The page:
“The more that you read, the more things you will know. The more that you learn, the more places you’ll go.” – Dr. Seuss
Dr. Seuss was born 116 years ago on March 2, 1904. Theodor Seuss Geisel, better known as Dr. Seuss, was an author and illustrator with a brilliant imagination who wrote more than 60 books for children during his lifetime. Many of his works remain among the most popular children’s books to this day.
My children and I love Dr. Seuss books! His silly rhyming stories have always been some of my family’s favorites to read over and over again. A few of my personal favorites are The Cat in the Hat, Green Eggs and Ham, There’s a Wocket in my Pocket, and The Grinch Stole Christmas.
Dr. Seuss’s birthday, March 2, is now celebrated as National Read Across America Day, a reading initiative through the National Education Association. Many schools and libraries will celebrate with special Dr. Seuss themed activities this month.
If you want to join in the celebration, head to the library, grab a few Dr. Seuss titles and spend the afternoon reading with your child. For other fun ideas, visit www.seussville.com where you’ll find games, printables, crafts, recipes, and other activities.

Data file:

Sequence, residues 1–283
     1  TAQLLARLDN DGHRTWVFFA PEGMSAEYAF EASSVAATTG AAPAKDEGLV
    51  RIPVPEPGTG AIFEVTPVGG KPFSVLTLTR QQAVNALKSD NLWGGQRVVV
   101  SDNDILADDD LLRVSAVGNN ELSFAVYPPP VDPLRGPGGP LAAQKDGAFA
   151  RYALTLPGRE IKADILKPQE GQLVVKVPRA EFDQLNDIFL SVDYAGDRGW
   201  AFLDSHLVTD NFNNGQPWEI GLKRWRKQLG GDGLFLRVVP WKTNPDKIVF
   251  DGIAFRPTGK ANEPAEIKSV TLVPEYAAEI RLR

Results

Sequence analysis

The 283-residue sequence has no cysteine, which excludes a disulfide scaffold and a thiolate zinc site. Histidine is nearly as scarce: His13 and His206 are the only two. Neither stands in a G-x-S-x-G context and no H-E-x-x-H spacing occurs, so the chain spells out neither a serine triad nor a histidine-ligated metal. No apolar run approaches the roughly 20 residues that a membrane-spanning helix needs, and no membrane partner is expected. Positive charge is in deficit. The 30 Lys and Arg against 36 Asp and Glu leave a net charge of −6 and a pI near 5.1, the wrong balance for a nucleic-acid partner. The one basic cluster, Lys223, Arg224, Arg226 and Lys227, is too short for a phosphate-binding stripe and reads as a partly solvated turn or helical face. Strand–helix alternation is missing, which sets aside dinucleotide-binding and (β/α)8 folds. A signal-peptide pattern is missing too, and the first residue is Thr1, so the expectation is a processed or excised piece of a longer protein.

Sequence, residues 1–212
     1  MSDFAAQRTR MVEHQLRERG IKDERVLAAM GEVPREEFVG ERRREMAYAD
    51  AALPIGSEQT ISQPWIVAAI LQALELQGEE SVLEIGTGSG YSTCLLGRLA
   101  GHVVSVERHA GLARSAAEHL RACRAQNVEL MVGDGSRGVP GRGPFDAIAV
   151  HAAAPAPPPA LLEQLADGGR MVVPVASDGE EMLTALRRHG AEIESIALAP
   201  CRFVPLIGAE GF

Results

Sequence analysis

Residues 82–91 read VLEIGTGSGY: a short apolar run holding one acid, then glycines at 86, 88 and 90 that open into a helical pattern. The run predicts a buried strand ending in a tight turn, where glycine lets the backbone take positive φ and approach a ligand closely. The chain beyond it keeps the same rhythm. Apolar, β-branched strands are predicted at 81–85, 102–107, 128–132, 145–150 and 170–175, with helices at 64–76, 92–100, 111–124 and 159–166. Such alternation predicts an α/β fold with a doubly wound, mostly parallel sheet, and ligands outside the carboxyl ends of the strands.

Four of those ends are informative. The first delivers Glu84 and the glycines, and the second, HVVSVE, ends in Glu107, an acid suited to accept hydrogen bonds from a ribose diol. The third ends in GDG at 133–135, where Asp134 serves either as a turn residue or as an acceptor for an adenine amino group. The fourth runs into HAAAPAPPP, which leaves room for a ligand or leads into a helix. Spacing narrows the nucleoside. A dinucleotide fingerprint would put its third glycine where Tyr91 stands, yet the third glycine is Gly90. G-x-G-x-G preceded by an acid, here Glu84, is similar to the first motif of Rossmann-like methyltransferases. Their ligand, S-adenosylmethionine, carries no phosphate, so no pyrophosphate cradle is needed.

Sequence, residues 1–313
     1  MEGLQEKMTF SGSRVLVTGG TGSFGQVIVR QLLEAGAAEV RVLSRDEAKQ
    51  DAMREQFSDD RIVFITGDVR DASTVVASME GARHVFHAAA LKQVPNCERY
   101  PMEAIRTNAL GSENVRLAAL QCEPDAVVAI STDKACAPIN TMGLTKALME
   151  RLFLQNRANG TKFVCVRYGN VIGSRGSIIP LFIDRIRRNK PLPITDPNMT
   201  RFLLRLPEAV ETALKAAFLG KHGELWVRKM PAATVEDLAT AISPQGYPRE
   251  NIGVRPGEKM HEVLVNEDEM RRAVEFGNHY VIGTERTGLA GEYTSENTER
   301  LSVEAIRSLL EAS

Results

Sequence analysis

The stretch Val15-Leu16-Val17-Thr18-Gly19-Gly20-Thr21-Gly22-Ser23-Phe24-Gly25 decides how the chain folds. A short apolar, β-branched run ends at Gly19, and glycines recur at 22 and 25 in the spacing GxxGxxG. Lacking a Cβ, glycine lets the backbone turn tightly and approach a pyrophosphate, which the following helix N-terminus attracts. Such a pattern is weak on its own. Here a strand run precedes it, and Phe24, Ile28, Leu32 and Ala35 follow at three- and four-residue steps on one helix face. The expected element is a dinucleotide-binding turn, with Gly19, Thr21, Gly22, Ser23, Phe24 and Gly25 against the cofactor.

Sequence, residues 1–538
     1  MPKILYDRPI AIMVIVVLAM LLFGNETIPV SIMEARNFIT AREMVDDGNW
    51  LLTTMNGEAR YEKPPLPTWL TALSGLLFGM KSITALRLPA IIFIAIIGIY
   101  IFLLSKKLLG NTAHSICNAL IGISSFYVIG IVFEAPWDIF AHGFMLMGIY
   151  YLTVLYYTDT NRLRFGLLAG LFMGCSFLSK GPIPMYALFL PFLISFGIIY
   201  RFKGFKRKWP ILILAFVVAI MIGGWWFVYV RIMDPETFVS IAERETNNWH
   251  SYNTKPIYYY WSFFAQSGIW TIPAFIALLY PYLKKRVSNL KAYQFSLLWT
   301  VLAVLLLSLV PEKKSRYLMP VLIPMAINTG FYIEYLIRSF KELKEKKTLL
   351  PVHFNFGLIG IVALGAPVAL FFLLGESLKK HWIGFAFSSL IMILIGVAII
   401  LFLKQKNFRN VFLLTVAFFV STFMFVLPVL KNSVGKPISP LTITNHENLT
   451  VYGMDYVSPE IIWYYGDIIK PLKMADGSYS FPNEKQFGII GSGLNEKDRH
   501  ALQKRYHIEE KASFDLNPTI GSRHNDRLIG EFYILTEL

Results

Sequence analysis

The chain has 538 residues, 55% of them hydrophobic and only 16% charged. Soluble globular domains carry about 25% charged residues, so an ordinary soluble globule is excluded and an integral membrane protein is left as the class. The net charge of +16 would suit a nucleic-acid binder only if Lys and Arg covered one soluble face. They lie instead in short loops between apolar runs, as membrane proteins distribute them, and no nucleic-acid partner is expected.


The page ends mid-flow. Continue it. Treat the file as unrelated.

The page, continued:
Did you know?
- Seuss’ real name was Theodor Seuss Geisel.
- Geisel had no children of his own.
- Before becoming a popular children’s author, Geisel worked as a cartoonist in the advertising field.
- Geisel wrote under several pen names including Dr. Seuss, Theo LeSieg and Rosetta Stone.
- His first published children’s book, And to Think That I Saw It on Mulberry Street, was printed in 1937. He received 27 rejections before finding a publisher for the book.
- His last book, Oh, the Places You’ll Go!, was published in 1990, the year before his death.
- Several of Geisel’s books were published after his death including Hooray for Diffendoofer Day!, Daisy-Head Mayzie and My Many Colored Days.
- Four of Dr. Seuss’ books have been made into films – How the Grinch Stole Christmas, The Cat in the Hat, Horton Hears a Who! and The Lorax.